The Railroad Week in Review:
Week ending September 30, 2000

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Companies depend heavily on open intranets to generate and share critical knowledge. They need to resist the urge to "improve" or control these networked conversations. Cluetrain Clue 47

Executives representing companies in the chemical, electric power, and forest products industries have sent a letter to key congressmen asking for increased competition in the railroad industry -- read open access and greater rail-to-rail competition. It also supports the ASLRRA's "Shortline Bill of Rights" with regard to the elimination of paper barriers.

To me, this smacks or a backward move toward pre-Staggers regulation, and the rails have in some measure brought it on themselves. Manufacturing companies are going increasingly to single-source procurement relationships for everything from components to trucking, however the usual starting point is one where there is already a horde of viable competitors at the door.

Rail consolidation has for many customers reduced the horde to a lone wolf setting its own rules. Ergo no competitive bidding for the transportation needs of the customer and no need to provide responsive service. If, on the other hand, the lone wolf were to provide service levels guaranteed to delight and surprise, there would be no need for re-regulatory howls from captive shippers. And a regulator -- moved by whatever considerations God pleases -- is a far more serious threat to the viability of the transportation marketplace than any competitor ever could be. QED.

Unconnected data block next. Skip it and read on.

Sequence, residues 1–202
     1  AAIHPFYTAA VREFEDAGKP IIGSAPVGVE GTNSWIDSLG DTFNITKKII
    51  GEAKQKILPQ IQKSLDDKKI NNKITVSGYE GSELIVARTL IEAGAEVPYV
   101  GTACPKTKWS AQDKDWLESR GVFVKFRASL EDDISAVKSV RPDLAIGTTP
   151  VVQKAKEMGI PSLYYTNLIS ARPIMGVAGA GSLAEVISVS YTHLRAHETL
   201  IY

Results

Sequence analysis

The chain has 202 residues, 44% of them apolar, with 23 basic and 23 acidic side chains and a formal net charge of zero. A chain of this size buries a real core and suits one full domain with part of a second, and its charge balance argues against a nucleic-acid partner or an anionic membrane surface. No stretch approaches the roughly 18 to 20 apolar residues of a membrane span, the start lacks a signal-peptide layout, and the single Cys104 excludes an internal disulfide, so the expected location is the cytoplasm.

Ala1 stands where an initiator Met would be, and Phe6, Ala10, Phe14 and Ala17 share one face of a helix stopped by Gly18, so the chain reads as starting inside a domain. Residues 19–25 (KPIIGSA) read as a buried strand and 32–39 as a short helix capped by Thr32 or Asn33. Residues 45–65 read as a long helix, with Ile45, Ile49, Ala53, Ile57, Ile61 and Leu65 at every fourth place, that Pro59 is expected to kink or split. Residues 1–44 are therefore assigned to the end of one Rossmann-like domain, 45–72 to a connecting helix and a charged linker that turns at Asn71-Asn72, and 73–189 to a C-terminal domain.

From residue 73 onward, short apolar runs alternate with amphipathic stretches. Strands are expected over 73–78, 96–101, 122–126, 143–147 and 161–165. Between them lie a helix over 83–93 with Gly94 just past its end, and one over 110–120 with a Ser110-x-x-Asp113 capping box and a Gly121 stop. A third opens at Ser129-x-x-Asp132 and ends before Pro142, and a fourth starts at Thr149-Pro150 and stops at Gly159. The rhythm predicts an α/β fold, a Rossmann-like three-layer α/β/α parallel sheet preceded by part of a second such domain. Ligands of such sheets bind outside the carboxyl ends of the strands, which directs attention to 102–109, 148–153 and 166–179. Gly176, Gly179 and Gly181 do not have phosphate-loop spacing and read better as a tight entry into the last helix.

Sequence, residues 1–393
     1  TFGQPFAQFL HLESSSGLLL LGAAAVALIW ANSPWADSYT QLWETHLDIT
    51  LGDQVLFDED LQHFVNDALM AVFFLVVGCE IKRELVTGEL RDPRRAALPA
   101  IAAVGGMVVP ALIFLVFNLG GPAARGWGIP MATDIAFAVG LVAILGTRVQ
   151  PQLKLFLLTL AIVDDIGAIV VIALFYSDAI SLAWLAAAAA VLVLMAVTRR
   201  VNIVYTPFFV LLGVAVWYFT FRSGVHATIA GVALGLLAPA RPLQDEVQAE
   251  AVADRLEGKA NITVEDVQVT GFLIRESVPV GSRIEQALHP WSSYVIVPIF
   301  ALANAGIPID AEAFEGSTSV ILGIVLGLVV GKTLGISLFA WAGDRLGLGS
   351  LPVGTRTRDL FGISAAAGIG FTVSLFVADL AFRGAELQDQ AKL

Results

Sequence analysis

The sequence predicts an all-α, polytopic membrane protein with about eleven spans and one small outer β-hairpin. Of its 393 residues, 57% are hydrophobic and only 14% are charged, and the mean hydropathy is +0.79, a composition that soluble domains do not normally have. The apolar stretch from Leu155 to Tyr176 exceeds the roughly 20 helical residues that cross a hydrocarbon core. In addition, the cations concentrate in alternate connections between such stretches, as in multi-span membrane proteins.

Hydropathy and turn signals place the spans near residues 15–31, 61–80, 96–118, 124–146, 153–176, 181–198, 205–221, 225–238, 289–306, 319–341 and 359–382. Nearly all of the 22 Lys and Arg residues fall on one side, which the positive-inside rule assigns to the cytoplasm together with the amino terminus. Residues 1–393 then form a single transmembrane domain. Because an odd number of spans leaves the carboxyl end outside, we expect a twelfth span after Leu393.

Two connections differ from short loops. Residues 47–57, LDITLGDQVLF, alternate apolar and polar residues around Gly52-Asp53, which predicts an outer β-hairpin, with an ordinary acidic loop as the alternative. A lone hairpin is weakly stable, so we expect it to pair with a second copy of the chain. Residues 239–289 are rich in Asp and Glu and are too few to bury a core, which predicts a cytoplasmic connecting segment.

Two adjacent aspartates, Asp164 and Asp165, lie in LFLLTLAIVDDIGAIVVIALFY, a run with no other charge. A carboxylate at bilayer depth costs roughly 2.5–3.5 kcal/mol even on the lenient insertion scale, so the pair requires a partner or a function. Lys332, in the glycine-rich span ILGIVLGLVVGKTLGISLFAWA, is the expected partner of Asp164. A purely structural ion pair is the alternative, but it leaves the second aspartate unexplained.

The STB on Wednesday launched Ex Parte Decision 94 requiring "consolidated reporting by commonly controlled U.S. railroads and their U.S. railroad-related affiliates." What this means is that regional and shortline railroad families (GNWR, RAIL, WCLX, et al) could have their revenue-based AAR "Class" changed. Recall that a Class I railroad is one that has annual revenues of at least $250 mm, as indexed for inflation. A Class II railroad has inflation-adjusted annual revenues between $20 mm and $250 mm. And a Class III railroad has inflation-adjusted revenues below $20 mm.

Ex Parte 94 stipulates that "FASB No. 94, Consolidation of All Majority-owned Subsidiaries, which was issued in 1987, requires the preparer of financial statements to use consolidated reporting for all majority-owned subsidiaries unless control is temporary or does not rest with the majority owner." This will not affect financial statements, but it could affect the filing status -- and reporting requirements -- of the reporting railroad holding company (see Note 9 of the decision, available at Interested parties may submit comments referring to Ex Parte No. 634 by October 25, 2000.

It's been a busy week for NS. On Tuesday it adopted a "Shareholder Rights" plan to protect against any unfriendly acquisition efforts. Largely a preemptive measure, it allows holders of NS stock at the close of business 10/16/200 to buy additional shares at half price should there be an offer by a would-be acquirer to corner 15% or more of the company. Then on Thursday NS filed a shelf offering to periodically sell up to $1 bn in common and preferred stock, depository shares and debt securities. Proceeds will go to debt reduction, working capital and other uses.

Friday NS simultaneously announced sale of subsidiary companies' timber rights for about $72 mm and warned that 3Q00 results may fall short of expectations. Earnings will likely be in the range of 22-26 cents including the 12-cent benefit from the timber. That's against 13 cents a year ago and a drop to 27 cents (consensus) from 35 cents three months ago. Split the difference, back out the timber gain, and you have essentially no change from 3Q99, the first full quarter following full absorption of Conrail. Share prices are where they 90 days ago after spiking up 30% in early August. NS will report earnings at its regular quarterly presentation in NYC October 25.